It is a well known fact that the healthier you are, the happier you are, and therefore your lifestyle choices can make significant impacts on your overall health. As the saying goes, you are what you eat. But did you know you are also what you drink, what you do, as well as how you behave?
Recent studies have shown that the lifestyle choices we make today can have some of the biggest impacts on not only our health, but our durability too, with some of our lesser healthier choices causing between 80-90% of all chronic diseases.
While we have been aware for some time that the lifestyle choices we make, including our diet and how much we eat either healthy or unhealthy , as well as vices such as smoking, alcohol and taking drugs, it is now thought that genetics may also have a massive impact on our health. Our age and where we live in the world can also play a major part.
Illnesses such as heart disease, obesity or diabetes have genetic components, however these genes can be altered by our lifestyle choices, which include the chemicals our bodies create when we meditate or exercise, or the nutrients from the food we eat.
For the last fifteen years Dan Buettner has been studying and identifying some of the world’s oldest living people in a program alongside the National Geographic Society. Ten years ago they discovered five areas around the world, called Blue Zones, where the residents were leading more active lives well into their later years, as well as having an increased chance of living to 100 years old, 10 times more than that of an average American.
Their in-depth research discovered that the lifestyle choices by those in these areas, rather than genetics, had given them such advantages. Factors included having a point to their lives, being able to take time to relax or meditate, taking time out of their busy lives, maintaining natural movement, not eating as much meat in their diets as some people in other countries, and maintaining a good support system of friends, family, and in some cases faith.
The only American location to be identified as a Blue Zone was the Seventh Day Adventists of Loma Linda in California, who are more aware of their overall health than the typical American. Most residents in the area do not drink alcohol, smoke tobacco or take drugs, they eat healthier, with many on a vegetarian or vegan diet, and exercise more. Most Adventist women, on average, live over six years longer than non-Adventists, while Adventist men seem to live around ten years longer.
Lifelong diseases were also reduced, with the risk of cardiovascular disease seeing a reduction of 50%, cancer was reduced by 30% and diabetes saw a reduction of around 80%.
The European Prospective Investigation of Cancer and Nutrition (EPIC) recently studied over 500,000 Europeans in 10 separate countries and also came to the same conclusion announcing that chronic diseases had a much lower rate in areas where residents opted to make healthier choices.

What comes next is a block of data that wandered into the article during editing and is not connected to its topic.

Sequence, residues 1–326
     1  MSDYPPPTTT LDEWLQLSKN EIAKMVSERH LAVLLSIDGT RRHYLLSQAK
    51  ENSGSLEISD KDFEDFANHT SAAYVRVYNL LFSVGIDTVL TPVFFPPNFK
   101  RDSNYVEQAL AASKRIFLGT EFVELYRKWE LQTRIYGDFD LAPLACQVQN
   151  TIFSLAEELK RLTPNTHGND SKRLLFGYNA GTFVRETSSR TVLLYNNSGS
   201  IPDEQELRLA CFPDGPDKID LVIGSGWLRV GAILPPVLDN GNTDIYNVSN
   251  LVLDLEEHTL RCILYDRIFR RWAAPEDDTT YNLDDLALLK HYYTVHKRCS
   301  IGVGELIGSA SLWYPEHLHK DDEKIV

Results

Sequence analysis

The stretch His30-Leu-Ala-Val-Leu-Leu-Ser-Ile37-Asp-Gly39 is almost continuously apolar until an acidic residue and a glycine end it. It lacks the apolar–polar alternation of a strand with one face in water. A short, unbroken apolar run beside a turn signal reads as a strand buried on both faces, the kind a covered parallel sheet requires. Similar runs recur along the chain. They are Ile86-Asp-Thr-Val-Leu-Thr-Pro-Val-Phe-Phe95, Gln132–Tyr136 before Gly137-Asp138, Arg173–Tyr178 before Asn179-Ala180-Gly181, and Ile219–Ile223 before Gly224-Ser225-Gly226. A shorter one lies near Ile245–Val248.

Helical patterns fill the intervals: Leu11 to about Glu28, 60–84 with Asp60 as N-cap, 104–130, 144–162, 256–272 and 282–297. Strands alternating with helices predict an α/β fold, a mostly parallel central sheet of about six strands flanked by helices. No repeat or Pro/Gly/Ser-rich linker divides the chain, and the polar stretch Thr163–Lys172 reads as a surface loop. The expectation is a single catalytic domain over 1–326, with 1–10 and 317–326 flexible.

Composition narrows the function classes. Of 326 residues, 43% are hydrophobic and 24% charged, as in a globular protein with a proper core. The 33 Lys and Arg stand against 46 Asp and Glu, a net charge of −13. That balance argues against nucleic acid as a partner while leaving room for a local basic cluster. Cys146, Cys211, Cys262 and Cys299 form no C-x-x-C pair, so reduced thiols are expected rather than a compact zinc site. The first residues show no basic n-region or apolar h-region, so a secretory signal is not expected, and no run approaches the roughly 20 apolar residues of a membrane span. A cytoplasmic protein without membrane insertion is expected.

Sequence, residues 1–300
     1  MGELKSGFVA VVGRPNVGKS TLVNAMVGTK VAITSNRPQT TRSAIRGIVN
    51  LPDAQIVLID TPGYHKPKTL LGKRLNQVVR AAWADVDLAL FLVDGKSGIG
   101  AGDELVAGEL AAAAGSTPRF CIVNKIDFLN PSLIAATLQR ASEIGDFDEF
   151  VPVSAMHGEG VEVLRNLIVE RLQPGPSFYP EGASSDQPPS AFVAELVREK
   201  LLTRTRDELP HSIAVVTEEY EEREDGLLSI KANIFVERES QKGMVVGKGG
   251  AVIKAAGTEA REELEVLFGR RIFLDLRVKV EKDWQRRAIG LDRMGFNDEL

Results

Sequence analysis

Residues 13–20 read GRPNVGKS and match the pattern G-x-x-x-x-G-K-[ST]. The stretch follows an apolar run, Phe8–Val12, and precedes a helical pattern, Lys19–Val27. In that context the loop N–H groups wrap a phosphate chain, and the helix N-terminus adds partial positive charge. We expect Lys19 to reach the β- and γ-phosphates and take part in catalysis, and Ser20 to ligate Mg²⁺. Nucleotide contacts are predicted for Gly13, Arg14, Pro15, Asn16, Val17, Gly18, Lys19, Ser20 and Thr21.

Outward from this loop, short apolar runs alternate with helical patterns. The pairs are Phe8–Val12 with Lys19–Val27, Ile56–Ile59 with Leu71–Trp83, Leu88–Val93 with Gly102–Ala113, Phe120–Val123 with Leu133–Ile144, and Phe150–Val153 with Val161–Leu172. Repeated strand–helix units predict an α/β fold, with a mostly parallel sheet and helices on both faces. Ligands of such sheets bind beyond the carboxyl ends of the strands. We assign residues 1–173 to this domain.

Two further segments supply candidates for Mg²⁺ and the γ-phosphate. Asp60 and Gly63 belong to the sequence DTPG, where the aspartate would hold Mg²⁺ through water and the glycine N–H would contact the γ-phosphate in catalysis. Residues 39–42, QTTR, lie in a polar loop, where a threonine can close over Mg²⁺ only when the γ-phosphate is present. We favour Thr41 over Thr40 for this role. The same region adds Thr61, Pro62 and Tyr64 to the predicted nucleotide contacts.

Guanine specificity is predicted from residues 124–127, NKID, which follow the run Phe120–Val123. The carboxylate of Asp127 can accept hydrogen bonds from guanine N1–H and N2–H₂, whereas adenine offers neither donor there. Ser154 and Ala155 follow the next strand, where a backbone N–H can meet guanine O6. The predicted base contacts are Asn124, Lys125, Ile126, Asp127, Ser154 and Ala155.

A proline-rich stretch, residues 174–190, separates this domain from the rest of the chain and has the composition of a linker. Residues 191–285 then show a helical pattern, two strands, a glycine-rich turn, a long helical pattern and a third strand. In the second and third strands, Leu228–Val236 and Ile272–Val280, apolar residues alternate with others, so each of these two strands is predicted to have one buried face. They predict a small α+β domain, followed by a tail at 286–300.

In fact, in Germany they looked at four specific lifestyle factors; exercising around 150 minutes each week, maintaining a healthy diet, being non-smokers, and managing to keep their body mass index (BMI) below 30.
The study participants were required to keep to the four factors for research purposes for four years and saw their mortality rate reduced by 40%, their chances of developing diabetes reduced by 91%, a 36% reduction in cancer rates and a 62% drop in heart diseases.
It was also anticipated that those maintaining all four of the factors would live around 14 years longer than someone who only managed to continue working with one of the four factors.
While lifestyle medicine has been proved to be a good approach to not only prevent and treat chronic disease, it has also been proven to reverse it.
However there are six ways that you could take back control of your own health, as discovered by The American College of Lifestyle Medicine. By concentrating on having healthy and happy relationships and a good support system, maintaining good quality sleep routines, eating a plant based, whole food diet, embarking on a physical activity regime, reducing your tobacco intake as well as managing your stress you should be able to maintain a healthy and happy lifestyle.
Whether you live in one of the five Blue Zones around the world or not, you can still ensure you have a happier and healthier life. Start by taking control of your life and knowing what you should be doing to make yourself healthier and you can not only live a longer, healthier life but you can also reduce chronic illnesses.